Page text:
Dec 03

The ImageIO class provides utility classes for both read and writing images. To write your image to an output stream you would can use the write method telling it what format you want to write the image in, eg. JPEG, PNG.

ImageIO.write(image, "PNG", out);

written by objects \\ tags: ,

Dec 03

There are two main ways to scale an image.

The first is to ‘paint’ a scaled version of the image to a new image of the required size.

// Create new (blank) image of required (scaled) size

BufferedImage scaledImage = new BufferedImage(
   width, height, BufferedImage.TYPE_INT_ARGB);

// Paint scaled version of image to new image

Graphics2D graphics2D = scaledImage.createGraphics();
graphics2D.setRenderingHint(RenderingHints.KEY_INTERPOLATION,
	RenderingHints.VALUE_INTERPOLATION_BILINEAR);
graphics2D.drawImage(image, 0, 0, width, height, null);

// clean up

graphics2D.dispose();

The second is to use an AffineTransform

BufferedImage scaledImage = new BufferedImage(
	width, height, BufferedImage.TYPE_INT_ARGB);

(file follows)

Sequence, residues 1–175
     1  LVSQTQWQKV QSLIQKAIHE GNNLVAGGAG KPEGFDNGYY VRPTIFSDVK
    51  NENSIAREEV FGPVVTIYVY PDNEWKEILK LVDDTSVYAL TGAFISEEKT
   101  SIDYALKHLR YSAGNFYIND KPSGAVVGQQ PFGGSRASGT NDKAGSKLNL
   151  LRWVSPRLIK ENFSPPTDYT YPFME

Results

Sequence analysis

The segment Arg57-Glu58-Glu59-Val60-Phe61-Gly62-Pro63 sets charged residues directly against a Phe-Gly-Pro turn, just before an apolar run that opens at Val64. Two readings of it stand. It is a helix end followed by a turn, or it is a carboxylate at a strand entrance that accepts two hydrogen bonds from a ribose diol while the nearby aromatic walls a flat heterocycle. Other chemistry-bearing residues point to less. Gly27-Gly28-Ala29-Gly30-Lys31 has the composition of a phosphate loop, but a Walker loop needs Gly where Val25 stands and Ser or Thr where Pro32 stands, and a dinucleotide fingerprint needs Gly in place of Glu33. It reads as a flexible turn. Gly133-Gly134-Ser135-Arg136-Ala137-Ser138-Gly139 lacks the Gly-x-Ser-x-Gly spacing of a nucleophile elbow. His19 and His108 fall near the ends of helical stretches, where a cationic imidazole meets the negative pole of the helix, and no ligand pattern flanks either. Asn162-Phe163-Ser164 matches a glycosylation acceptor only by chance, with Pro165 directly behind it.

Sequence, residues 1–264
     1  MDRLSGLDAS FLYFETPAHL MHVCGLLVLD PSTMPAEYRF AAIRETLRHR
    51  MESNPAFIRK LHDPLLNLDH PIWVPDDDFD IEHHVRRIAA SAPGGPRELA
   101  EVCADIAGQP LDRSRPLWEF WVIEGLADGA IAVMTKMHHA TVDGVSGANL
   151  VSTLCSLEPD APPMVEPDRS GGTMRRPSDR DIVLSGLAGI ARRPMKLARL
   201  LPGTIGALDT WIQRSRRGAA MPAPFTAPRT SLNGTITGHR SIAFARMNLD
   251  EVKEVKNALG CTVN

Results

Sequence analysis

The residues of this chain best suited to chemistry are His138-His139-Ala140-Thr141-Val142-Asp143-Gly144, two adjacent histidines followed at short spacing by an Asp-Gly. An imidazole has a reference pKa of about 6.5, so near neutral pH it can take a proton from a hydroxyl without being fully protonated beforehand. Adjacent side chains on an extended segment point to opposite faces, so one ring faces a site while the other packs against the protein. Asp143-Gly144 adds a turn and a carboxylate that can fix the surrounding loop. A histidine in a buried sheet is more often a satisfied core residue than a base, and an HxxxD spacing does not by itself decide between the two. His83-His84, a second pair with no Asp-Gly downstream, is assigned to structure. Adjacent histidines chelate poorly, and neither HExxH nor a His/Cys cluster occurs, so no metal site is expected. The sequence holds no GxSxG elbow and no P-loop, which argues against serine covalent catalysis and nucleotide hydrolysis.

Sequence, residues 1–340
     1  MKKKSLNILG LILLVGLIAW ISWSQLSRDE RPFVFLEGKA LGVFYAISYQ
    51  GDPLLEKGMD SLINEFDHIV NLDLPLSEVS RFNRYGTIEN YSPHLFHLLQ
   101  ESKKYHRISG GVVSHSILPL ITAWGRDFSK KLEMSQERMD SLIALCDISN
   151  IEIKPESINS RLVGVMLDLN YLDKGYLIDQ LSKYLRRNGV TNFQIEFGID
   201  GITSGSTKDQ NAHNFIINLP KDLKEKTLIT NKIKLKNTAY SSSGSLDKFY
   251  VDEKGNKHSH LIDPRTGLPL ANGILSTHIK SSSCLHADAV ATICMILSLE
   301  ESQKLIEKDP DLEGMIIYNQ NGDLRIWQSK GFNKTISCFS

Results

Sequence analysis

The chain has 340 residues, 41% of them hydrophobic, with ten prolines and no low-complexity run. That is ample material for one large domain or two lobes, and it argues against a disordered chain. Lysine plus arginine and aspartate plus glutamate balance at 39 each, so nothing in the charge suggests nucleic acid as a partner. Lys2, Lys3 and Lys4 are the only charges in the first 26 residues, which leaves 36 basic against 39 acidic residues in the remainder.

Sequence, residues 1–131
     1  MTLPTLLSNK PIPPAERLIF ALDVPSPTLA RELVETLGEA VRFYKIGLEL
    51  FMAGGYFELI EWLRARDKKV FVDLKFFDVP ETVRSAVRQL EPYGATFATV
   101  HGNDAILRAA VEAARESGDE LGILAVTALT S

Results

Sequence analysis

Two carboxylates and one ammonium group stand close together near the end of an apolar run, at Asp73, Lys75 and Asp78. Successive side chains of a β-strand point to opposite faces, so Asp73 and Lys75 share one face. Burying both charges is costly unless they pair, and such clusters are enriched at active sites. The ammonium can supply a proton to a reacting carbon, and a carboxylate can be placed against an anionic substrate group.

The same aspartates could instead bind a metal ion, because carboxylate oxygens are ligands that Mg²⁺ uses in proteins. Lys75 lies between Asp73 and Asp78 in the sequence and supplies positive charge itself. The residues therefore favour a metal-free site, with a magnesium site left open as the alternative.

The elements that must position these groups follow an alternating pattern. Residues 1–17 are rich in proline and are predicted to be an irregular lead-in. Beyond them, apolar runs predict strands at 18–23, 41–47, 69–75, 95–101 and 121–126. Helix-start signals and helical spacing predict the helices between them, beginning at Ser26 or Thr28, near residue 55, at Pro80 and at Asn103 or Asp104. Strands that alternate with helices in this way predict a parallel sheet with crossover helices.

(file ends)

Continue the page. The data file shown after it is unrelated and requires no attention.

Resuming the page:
Graphics2D graphics2D = scaledImage.createGraphics();
AffineTransform xform = AffineTransform.getScaleInstance(scale, scale);
graphics2D.setRenderingHint(RenderingHints.KEY_INTERPOLATION,
	RenderingHints.VALUE_INTERPOLATION_BICUBIC);
graphics2D.drawImage(image, xform, null);
graphics2D.dispose();

There’s also a getScaledInstance() method of the Image class which has been around since the early days of Java. Generally its worth avoiding for performance reasons.

written by objects \\ tags: ,

Oct 30

Create a ByteArrayInputStream from your byte array and then use ImageIO class to read image from that stream.


InputStream in = new ByteArrayInputStream(bytearray);
BufferedImage image = ImageIO.read(in);

written by objects \\ tags: , , ,